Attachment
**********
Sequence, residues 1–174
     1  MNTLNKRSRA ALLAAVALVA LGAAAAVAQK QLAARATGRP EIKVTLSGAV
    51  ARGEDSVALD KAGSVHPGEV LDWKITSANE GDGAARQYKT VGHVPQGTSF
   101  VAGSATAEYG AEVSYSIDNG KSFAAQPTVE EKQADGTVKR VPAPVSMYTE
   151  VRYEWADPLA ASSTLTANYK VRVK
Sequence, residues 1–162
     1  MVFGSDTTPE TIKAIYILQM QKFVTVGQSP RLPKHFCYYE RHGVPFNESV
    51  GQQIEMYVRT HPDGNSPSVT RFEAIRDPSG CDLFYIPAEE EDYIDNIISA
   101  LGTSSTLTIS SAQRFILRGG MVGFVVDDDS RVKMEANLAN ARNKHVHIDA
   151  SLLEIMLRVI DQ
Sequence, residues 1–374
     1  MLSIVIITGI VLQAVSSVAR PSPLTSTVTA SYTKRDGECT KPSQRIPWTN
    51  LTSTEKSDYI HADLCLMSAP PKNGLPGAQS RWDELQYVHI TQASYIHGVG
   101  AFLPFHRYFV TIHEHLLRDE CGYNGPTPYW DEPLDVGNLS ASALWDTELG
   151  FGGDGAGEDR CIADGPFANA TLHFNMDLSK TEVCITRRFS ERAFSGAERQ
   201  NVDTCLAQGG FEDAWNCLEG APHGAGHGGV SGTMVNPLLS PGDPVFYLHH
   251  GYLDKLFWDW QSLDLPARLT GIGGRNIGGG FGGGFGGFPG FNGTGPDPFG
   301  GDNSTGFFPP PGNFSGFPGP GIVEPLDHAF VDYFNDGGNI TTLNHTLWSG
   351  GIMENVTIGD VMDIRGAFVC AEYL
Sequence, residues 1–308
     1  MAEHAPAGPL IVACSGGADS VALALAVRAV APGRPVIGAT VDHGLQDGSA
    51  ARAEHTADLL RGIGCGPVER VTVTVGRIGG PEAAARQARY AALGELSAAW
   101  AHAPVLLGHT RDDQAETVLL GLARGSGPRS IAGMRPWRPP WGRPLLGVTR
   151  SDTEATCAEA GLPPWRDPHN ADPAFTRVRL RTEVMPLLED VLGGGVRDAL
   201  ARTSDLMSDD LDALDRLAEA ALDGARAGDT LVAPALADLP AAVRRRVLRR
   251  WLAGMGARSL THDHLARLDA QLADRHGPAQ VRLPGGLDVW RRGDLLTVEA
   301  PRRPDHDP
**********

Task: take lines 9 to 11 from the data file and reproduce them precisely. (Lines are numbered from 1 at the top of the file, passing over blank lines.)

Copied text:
   101  LGTSSTLTIS SAQRFILRGG MVGFVVDDDS RVKMEANLAN ARNKHVHIDA
   151  SLLEIMLRVI DQ
Sequence, residues 1–374